How do Dentures Compare to Dental Implants?

Best DenistDentures or implants?

In the world of cosmetic dentistry, there are advantages and disadvantages to both.

“Dentures create a secret,” says Dr. Carol Ford from her Phoenix cosmetic dentistry office. “While dentures have come a long way from the days they were made of ceramic, even an excellent lower denture can slip, causing embarrassment and discomfort,” she adds.

Because dentures can slip, they often make eating hard foods like carrots and apples difficult. From a cosmetic viewpoint, dentures can alter your speech, making you self-conscious and nervous both at the office and at home, and in front of family and friends.

The advantage? Dentures tend to be a less expensive option and can be fitted and finalized in less time than implants.

Dental implants are firmly embedded in the jaw. They look and act like regular teeth. They match your own teeth patterns, or bite, so there is a shorter adjustment period.  “Implants may feel uncomfortable in the beginning, but because they are the same size and shape as your original teeth, the adjustment period doesn’t last long.

“Dentures cover parts of the upper palate of the mouth, which means covering  taste buds,” explains Dr. Ford. “And covered taste buds means your enjoyment of food is reduced.  In some cases, that can lead to poor food choices—items that are easy to chew instead of healthful,” Dr. Ford adds.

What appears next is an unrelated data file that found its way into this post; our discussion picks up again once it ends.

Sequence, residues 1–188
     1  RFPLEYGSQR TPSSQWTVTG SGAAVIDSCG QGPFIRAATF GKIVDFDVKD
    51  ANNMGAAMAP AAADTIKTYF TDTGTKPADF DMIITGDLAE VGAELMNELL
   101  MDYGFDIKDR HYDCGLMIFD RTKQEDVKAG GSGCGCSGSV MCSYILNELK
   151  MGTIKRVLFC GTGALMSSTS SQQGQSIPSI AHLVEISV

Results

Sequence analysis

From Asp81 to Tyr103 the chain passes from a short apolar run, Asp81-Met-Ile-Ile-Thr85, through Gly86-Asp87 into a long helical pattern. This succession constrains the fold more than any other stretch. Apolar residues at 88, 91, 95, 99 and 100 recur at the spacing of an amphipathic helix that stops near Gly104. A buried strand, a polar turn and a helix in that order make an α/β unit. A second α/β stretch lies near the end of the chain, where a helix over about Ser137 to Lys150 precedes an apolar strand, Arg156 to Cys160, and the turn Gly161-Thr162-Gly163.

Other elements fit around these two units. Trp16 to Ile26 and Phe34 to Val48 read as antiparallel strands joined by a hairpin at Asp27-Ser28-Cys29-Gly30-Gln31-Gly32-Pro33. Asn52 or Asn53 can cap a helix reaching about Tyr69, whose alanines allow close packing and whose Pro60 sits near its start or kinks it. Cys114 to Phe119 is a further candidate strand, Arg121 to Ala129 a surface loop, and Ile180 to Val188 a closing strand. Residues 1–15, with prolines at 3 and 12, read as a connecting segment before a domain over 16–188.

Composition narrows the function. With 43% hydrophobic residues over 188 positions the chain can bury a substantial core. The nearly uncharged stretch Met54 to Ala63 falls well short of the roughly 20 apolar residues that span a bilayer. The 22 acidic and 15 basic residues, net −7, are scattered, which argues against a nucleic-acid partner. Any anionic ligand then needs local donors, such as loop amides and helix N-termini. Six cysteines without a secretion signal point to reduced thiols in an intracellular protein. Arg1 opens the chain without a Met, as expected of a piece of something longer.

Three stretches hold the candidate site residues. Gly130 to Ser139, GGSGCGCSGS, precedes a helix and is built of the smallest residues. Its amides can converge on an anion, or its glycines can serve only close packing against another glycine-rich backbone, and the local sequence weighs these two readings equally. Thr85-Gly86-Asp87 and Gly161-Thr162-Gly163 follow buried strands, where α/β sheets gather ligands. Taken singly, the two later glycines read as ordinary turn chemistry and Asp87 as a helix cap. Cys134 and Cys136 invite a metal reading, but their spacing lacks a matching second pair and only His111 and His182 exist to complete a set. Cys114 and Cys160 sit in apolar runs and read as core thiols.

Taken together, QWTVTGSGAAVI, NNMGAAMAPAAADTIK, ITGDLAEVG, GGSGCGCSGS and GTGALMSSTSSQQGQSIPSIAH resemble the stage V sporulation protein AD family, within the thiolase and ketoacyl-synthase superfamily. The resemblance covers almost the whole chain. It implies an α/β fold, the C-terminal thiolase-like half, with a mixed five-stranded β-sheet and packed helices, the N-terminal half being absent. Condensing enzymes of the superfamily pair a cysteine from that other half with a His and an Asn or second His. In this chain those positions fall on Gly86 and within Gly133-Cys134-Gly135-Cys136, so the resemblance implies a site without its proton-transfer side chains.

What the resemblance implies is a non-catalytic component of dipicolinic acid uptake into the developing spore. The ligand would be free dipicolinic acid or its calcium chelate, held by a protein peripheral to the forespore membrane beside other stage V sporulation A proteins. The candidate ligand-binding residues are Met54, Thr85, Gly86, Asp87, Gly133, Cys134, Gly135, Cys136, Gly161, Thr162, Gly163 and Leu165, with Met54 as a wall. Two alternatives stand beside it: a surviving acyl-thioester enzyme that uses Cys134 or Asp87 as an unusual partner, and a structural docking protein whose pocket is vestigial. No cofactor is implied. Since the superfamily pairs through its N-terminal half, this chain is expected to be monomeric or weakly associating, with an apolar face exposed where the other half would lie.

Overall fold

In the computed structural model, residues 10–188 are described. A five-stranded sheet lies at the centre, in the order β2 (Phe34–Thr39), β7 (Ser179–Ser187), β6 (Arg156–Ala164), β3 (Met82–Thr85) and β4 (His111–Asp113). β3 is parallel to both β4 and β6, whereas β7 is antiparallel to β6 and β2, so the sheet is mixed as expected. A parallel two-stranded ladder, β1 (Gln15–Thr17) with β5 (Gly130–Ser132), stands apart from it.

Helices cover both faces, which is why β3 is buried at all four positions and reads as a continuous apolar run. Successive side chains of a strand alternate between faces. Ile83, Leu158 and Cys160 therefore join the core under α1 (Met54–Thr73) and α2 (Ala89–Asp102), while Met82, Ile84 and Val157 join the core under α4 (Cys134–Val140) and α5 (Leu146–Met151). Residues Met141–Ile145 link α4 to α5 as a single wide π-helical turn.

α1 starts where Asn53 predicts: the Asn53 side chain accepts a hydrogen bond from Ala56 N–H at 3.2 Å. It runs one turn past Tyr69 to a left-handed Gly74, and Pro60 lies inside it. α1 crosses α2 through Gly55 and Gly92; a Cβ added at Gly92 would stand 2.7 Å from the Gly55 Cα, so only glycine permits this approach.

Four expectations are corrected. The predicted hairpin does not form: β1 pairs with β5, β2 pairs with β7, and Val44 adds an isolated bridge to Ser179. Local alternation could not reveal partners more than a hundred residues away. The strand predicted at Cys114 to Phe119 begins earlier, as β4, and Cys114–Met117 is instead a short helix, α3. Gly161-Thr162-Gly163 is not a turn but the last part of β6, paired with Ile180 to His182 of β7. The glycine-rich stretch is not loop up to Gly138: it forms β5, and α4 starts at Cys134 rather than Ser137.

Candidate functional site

Implants not only allow you to eat all the foods you ate before, but enjoy it as much as you do with your own teeth. Well-fitted implants don’t affect your speech or taste, and you can choose a color that matches or brightens your smile.

According to the Oral and Dental Health Resource Center sponsored by Colgate toothpaste, there are people who are better candidates for implants than others. A good candidate for implants are those who are

  • Healthy in general
  • Over 18 (so the jaw has stopped growing)
  • Take good care of their teeth and gums

Those who may not be good candidates include:

  • Pregnant women
  • Heavy smokers
  • Those with immune deficiency diseases
  • Those who have received radiation to the head or neck

The only way you will know which option is right for you is to discuss all your choices with your dentist. Your decision will be made with information about your specific needs.

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